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Representatives of the Ukrainian Ministry of Agriculture in Prague reassured European countries that they continue to supply important agricultural commodities. They also appealed to them to help “cereals of the world”, as the country is called, more in logistics.
Deputy Agriculture Minister Taras Vysotskyi said that Ukrainian farmers are preparing to sow and harvest crops on most of the land this year. “We don’t stop working. Together, farmers in Ukraine plan to sow and harvest the necessary crops on 70 percent of the land this year,” he said.
The country is one of the five largest exporters of grains in the world and is also a major exporter of sunflower oil and other crops, such as soybeans, where it ranks in the top ten. It also exports poultry and other products to the European Union and neighboring countries.
Agrarian trade with the Czech Republic was insignificant. The Czechs have the advantage of being self-sufficient in wheat and, conversely, exporting it. Nevertheless, Czech food producers have been hit by rising wheat and flour prices.
The exact amount of agricultural land in Ukraine sown this year with cereals and legumes, given in the presentation of the local Ministry of Agriculture, is 65.7 percent. Losses are expected mainly in the east of the country near the Luhansk and Donetsk regions, but also in the central part of the country, which is adjacent to the Black Sea.
One of our biggest tasks is to join governments and private companies in EU countries and strengthen logistics opportunities. The goal of the Ukrainian government is to have as few regulations as possible.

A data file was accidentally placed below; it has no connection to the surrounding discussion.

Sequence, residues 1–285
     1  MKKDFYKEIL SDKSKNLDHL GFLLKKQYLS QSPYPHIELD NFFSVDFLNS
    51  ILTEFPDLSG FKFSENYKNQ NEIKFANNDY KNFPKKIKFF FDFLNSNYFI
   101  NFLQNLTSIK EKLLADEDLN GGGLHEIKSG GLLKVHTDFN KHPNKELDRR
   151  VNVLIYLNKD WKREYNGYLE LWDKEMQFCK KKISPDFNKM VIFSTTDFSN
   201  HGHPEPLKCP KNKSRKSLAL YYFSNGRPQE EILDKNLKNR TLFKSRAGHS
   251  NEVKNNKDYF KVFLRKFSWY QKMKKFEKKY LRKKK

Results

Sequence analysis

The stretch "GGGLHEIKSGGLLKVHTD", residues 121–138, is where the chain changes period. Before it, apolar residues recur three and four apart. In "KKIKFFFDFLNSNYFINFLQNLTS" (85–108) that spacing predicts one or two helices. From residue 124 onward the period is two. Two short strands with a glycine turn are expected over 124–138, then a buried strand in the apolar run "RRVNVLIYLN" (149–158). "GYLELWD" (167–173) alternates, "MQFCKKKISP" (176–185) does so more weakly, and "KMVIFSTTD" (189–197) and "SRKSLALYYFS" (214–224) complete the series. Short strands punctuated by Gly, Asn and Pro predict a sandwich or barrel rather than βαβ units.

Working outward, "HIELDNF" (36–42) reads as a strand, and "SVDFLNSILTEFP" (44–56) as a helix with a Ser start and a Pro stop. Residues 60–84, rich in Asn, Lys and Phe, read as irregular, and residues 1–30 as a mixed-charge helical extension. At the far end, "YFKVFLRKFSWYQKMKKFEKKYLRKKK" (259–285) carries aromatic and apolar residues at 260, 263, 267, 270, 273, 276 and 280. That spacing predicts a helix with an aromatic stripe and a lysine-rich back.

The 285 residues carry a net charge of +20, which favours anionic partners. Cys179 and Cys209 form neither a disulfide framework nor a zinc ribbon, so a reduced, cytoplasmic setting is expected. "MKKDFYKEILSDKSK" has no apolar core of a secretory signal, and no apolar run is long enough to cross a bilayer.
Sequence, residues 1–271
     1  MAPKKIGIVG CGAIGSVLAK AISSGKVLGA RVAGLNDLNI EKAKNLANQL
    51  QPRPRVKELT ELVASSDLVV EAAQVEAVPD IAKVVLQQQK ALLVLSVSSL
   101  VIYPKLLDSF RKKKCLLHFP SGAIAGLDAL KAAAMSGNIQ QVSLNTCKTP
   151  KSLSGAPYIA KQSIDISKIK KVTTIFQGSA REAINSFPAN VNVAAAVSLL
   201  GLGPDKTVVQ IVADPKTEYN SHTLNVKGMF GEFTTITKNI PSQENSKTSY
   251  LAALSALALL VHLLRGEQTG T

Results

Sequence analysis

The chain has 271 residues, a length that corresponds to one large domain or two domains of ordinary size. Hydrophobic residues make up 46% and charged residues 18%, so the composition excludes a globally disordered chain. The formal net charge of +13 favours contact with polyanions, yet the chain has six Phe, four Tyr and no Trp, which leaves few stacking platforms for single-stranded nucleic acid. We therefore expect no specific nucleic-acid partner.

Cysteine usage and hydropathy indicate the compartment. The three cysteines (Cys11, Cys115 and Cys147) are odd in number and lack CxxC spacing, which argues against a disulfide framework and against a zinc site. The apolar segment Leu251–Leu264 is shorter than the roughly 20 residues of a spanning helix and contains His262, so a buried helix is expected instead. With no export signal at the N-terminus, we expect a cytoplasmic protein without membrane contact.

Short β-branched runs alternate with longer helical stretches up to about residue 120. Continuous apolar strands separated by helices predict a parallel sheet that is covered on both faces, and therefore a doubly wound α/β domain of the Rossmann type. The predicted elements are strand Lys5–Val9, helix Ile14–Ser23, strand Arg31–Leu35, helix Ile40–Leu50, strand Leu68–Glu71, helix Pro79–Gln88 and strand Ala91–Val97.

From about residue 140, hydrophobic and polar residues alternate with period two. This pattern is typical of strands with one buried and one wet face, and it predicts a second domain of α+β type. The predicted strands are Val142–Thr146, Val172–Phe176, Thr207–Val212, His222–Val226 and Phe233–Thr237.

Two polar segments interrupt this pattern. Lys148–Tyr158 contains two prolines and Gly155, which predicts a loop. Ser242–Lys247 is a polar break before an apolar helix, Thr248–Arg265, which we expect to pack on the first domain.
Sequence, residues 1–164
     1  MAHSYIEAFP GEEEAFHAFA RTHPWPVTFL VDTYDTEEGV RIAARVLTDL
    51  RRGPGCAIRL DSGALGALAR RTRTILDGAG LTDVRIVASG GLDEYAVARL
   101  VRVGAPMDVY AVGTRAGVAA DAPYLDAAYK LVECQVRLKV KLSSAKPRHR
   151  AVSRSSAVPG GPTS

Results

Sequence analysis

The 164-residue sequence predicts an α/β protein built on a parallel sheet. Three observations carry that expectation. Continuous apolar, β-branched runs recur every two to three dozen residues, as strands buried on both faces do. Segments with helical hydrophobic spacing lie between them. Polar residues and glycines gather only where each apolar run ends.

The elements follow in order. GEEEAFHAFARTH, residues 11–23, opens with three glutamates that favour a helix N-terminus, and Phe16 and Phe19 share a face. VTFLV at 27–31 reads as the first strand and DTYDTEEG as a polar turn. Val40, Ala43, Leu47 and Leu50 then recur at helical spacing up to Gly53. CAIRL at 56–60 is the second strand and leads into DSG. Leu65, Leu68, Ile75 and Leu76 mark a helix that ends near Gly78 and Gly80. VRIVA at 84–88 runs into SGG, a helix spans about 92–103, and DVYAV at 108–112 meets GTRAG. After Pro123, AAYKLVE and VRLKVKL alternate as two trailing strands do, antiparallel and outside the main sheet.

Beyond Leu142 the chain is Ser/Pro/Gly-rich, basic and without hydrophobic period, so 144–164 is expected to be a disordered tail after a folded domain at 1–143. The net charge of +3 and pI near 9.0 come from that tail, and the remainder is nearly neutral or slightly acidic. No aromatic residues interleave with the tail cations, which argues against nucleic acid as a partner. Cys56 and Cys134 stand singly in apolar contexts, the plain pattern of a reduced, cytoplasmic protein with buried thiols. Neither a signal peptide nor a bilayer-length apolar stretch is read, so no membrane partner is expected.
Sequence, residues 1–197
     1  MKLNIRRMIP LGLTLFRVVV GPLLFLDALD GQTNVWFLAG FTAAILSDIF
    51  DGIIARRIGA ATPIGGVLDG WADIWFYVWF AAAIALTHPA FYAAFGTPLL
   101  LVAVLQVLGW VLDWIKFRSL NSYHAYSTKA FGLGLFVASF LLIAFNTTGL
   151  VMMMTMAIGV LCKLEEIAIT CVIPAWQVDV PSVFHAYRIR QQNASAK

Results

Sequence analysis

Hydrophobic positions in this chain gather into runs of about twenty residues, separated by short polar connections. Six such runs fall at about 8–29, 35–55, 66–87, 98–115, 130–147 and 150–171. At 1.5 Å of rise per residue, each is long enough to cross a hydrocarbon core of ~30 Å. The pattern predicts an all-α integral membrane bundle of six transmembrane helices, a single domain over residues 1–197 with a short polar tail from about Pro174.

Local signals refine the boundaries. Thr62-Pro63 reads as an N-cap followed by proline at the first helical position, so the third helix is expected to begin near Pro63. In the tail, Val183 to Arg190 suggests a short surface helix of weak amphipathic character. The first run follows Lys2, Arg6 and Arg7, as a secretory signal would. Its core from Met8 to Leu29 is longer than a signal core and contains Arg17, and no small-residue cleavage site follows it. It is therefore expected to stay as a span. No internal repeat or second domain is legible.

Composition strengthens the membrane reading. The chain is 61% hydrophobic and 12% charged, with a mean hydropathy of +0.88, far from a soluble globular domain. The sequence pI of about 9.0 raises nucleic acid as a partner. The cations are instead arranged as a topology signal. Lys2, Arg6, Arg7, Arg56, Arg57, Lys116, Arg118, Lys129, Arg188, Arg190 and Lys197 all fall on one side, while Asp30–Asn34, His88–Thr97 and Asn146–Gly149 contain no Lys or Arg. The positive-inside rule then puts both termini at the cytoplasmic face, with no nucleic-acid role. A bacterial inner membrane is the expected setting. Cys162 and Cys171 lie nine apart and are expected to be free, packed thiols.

Even so, war would mean a significant loss of supplies to the world. In particular, estimates speak of more than 25 million tons of unprocessed wheat, more than 30 million tons of corn and more than half of sunflower products.
As a result, some foods, such as meat, dairy products or eggs, gradually become more expensive. Another risk is the escalation of social conflict in developing countries due to food shortages of around 400 million people. Wheat shortages can be felt especially in the Middle East and Asia.
The war in Ukraine will also affect the aggressor of the war itself – Russia, along with Belarus, as some food and agricultural commodities go to both countries. Moldova experienced relatively short production outages. The local Minister of Agriculture estimates that a decline in agricultural trade will reduce the country’s GDP by more than four percent. For example, he buys apples, grapes and other fruits from Ukraine.
Lost trucks and carts
“One of our biggest challenges is to join governments and private companies in EU countries and strengthen logistics opportunities. The goal of the Ukrainian government is to have as few regulations as possible. We need to speed up trade and reorganize logistics channels so that exports remain at the same level or higher,” said Deputy Agriculture Minister Taras Vysotskyi.
He assured that Ukraine does not intend to limit exports of agricultural crops such as barley, corn, soybeans, sunflower seeds and oil.
“Since yesterday (12 April), we have also allowed the export of wheat, which is very important for Ukraine, with a free license,” he added.
The sales director of the ATK Group, which supplies seeds to farmers in Ukraine and is also involved in crop production, also called for greater support for Ukraine in logistics.
“We need to create a kind of crisis transport office between the EU and Ukraine, which will find solutions and concrete steps to provide the country with sufficient rail cars, trucks and other logistical means, which we have very little. And we also need to make movement cross-border as easy as possible,” said Vitaly Kushnir, Commercial Director and Co-Owner.
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